Study confirms Apomorphine subcutaneous infusion’s established role in PD
Posted in Neurology News on 27th Apr 2017
Results from the first randomised, controlled trial investigating the efficacy and safety of APO-go®/MOVAPO® (apomorphine) subcutaneous infusion in Parkinson’s disease (PD) patients whose motor symptoms are not controlled by other therapies – the TOLEDO study – were presented during the ‘Emerging Science’ session at the American Academy of Neurology (AAN) Annual Meeting in Boston, USA, on 25th April 2017. The session highlighted the best neuroscientific research at the congress.
Although APO-go®/MOVAPO® infusion has been used successfully in clinical practice for almost 30 years in Europe and many uncontrolled studies have shown its benefits in decreasing ‘off’ time, improving dyskinesias and reducing the need to take oral levodopa, to date these observations have not been confirmed in the setting of a controlled clinical trial.
Professor Katzenschlager, the lead investigator of TOLEDO, presented the results of the 12-week, double-blind phase undertaken in 107 patients from 23 centres around Europe. Patients treated with APO-go®/MOVAPO® infusion had a significantly greater improvement in ‘off’ time from baseline to Week 12 compared with those on placebo, resulting in a difference between treatments of almost 2 hours. The effect of APO-go®/MOVAPO® was rapid: a reduction in ‘off’ time was observed at the first assessment at Week 1 and was sustained over the 12 weeks of the study. Importantly, this clinically meaningful reduction in ‘off’ time was achieved without an increase in dyskinesias and was reflected in the patients´ own assessment of the overall treatment effect.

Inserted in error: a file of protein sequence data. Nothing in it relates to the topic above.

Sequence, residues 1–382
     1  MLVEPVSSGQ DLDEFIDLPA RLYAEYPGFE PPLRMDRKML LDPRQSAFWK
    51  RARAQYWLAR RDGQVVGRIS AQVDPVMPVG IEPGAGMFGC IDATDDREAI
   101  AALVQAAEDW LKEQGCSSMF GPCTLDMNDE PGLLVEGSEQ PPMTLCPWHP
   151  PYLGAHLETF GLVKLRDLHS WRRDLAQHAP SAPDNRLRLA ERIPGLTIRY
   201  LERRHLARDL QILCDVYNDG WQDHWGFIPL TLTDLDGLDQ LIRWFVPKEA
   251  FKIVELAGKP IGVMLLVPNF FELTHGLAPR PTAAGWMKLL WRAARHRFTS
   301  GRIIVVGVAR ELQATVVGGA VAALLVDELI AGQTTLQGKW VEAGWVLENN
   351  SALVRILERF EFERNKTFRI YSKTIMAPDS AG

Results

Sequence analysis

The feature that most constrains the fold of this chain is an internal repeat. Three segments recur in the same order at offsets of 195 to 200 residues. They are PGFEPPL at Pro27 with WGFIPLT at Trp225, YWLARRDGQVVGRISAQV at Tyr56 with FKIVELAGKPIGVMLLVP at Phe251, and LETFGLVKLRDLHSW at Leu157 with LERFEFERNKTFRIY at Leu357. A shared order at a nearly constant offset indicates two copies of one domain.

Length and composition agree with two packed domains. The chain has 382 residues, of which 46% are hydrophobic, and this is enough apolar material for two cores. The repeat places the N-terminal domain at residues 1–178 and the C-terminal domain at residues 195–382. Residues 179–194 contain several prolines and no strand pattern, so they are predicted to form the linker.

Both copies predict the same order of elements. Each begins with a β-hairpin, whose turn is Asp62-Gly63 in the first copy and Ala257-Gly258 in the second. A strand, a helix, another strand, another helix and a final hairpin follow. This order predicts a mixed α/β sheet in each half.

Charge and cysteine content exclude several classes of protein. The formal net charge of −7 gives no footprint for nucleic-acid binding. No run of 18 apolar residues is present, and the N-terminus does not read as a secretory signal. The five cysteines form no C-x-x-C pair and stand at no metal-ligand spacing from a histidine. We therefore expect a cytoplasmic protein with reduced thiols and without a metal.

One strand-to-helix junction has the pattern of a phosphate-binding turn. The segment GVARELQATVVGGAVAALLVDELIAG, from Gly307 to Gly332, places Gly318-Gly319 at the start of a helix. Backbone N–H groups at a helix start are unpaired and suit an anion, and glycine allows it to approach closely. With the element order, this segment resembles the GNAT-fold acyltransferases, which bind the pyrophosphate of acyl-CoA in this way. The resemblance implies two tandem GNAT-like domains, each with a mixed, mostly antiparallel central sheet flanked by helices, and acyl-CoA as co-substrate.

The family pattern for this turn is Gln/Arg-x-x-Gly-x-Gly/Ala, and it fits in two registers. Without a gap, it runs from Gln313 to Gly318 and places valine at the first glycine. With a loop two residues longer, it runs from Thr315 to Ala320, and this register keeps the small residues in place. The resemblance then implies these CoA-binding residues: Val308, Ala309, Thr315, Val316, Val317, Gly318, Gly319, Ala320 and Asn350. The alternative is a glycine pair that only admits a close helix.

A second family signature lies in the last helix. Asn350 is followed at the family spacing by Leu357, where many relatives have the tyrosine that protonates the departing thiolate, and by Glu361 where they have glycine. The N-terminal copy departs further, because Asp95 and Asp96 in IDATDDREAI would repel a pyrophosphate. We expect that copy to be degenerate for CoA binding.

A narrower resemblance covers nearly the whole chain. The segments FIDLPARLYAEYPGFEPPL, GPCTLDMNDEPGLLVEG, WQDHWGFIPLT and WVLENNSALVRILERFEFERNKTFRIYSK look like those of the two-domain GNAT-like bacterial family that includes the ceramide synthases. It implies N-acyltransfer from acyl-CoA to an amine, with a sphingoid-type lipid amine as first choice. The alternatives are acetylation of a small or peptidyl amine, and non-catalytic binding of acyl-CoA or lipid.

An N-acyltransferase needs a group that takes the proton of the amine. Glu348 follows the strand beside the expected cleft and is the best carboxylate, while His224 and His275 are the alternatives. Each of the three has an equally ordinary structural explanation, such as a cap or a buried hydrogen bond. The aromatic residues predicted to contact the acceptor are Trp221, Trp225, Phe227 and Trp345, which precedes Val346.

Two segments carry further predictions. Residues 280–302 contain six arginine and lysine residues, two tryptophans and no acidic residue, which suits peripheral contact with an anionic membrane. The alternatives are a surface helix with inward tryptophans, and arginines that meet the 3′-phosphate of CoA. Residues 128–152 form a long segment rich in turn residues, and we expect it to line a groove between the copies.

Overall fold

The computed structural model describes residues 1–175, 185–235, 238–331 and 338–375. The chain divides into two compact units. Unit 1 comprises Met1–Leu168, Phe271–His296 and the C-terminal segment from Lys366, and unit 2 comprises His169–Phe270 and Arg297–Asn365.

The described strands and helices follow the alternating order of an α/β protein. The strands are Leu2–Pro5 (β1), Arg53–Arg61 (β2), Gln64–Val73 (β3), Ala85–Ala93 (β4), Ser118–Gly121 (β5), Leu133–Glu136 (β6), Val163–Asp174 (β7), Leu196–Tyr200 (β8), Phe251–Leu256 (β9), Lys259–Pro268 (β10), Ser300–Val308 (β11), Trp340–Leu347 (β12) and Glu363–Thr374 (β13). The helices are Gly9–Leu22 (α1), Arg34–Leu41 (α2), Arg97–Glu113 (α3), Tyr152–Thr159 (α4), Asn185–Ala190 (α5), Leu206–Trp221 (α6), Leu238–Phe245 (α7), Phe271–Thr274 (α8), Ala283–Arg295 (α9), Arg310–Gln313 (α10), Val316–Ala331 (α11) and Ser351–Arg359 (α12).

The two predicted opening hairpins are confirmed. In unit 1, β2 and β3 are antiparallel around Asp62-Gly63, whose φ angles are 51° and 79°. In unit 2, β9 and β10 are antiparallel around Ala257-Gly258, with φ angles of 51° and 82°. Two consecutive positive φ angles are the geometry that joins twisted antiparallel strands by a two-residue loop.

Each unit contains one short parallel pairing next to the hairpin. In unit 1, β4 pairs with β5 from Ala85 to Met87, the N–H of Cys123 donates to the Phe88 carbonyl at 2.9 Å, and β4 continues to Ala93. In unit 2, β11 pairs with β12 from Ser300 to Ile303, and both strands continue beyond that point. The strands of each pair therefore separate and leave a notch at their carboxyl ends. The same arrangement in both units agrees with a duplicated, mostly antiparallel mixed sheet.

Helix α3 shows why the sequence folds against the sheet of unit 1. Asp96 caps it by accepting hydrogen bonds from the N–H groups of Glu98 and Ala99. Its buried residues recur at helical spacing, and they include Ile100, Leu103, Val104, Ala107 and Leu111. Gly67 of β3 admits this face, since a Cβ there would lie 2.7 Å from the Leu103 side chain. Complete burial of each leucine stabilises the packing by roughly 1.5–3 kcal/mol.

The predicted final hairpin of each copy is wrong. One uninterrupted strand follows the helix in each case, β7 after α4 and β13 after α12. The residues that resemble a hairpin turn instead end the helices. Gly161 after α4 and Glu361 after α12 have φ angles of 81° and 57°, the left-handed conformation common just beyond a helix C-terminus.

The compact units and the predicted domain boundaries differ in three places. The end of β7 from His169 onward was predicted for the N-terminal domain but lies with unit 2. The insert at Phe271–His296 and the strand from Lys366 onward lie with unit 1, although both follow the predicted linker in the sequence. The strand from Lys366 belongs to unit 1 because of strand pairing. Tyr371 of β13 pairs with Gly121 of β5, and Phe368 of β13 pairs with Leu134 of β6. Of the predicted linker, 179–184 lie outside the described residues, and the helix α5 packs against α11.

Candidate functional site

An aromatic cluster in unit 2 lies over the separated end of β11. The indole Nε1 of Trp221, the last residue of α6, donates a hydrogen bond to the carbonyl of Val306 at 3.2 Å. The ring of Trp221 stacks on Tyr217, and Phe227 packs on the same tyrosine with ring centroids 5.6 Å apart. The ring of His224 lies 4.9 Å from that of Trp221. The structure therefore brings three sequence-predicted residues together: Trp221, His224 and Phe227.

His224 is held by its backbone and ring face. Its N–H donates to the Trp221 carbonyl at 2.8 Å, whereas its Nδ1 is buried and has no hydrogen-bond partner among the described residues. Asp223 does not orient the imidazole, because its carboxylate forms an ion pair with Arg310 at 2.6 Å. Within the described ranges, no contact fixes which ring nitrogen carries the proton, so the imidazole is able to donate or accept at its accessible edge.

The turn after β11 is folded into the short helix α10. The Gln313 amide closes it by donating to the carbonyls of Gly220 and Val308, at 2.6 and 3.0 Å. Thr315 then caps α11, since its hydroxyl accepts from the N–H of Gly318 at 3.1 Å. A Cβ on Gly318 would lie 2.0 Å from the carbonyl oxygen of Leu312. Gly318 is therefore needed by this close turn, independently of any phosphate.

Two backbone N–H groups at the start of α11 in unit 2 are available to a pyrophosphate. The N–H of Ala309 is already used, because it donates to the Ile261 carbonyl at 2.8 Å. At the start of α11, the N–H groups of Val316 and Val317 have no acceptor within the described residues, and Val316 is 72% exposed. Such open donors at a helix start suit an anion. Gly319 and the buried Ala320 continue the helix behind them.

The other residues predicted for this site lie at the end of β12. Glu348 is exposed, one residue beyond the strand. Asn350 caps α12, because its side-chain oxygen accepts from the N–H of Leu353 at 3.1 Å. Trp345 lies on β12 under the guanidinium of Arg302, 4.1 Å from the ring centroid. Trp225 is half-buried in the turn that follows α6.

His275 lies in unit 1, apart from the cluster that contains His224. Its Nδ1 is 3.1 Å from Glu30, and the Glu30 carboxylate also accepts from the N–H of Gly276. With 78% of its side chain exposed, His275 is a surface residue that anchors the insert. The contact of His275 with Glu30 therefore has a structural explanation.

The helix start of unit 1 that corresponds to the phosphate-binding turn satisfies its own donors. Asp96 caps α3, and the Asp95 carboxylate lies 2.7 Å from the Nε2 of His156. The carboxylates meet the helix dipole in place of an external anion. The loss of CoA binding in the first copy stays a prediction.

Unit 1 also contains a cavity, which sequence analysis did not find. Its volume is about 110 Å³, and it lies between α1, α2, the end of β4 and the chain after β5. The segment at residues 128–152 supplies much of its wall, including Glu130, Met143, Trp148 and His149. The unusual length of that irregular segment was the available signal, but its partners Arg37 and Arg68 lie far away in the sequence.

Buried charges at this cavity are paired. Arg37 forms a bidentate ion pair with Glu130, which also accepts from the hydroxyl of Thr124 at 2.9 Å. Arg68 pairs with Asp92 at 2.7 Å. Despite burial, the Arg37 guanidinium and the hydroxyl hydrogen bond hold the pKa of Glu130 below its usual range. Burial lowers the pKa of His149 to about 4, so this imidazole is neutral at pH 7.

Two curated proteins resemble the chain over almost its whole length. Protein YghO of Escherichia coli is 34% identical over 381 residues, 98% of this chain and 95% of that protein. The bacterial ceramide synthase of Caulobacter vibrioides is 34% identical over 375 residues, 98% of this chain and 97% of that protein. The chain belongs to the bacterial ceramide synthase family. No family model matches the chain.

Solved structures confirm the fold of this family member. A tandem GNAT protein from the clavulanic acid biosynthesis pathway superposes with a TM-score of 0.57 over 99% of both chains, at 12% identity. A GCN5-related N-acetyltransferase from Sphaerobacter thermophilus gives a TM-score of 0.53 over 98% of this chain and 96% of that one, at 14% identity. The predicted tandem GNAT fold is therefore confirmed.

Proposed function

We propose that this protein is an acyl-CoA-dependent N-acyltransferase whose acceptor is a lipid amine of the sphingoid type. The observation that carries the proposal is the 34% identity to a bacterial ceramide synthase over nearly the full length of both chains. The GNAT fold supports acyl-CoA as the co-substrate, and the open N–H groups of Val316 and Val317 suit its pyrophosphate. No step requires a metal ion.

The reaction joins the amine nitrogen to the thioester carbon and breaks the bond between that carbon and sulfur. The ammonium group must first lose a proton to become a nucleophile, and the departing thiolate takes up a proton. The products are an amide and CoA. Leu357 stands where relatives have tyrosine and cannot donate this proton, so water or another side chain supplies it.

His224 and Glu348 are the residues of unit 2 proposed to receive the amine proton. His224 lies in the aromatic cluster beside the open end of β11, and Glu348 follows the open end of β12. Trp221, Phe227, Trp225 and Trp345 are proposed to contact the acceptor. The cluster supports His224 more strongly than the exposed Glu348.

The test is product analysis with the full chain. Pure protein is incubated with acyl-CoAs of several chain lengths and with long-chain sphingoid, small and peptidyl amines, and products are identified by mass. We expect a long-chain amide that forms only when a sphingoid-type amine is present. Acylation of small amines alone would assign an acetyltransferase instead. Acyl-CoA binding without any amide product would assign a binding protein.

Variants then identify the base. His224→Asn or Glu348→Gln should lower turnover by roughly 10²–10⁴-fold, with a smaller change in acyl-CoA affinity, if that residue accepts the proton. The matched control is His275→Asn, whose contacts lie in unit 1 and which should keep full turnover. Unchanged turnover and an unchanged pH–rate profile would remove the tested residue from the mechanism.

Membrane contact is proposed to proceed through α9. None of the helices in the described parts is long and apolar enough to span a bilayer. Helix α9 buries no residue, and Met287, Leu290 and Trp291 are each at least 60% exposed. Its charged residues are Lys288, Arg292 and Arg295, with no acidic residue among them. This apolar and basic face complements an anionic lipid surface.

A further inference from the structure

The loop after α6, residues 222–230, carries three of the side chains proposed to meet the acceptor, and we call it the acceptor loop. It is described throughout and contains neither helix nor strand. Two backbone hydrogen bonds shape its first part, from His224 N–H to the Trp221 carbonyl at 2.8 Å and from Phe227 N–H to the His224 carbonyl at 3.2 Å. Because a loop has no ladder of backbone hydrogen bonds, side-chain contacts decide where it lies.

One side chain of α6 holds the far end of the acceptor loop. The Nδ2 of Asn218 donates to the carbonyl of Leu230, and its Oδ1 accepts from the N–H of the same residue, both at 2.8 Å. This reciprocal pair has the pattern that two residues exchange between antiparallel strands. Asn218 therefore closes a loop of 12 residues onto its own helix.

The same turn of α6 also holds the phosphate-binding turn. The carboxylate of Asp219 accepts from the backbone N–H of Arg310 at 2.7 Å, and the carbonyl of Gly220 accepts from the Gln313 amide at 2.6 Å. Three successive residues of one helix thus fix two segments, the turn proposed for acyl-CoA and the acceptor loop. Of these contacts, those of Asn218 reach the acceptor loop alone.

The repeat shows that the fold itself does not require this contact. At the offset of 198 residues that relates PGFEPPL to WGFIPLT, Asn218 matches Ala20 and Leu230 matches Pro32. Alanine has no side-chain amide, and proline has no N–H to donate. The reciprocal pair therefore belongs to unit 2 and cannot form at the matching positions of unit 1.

Professor Katzenschlager commented:
TOLEDO provides the high-level evidence we needed for the efficacy and tolerability of apomorphine infusion in patients who are still experiencing debilitating treatment response fluctuations despite receiving optimized treatment, and confirms the clinical experience of those who have used apomorphine infusion for many years. The trial also gives us a ‘tried and tested’ initiation protocol that clinicians can follow and adapt to their own clinical setting. The impressive results should give them added confidence to prescribe this valuable but underused therapy.
The TOLEDO study is sponsored by Britannia Pharmaceuticals Ltd., part of the STADA Arzneimittel AG group of companies and manufacturer of apomorphine products (APO-go®/MOVAPO®/APOKYN®). The open-label phase of TOLEDO is ongoing and results are expected in 2018.
Katzenschlager R, et al. Poster 003 presented at the 69th American Academy of Neurology Annual Meeting, Boston, MA, USA, 22–28 April 2017.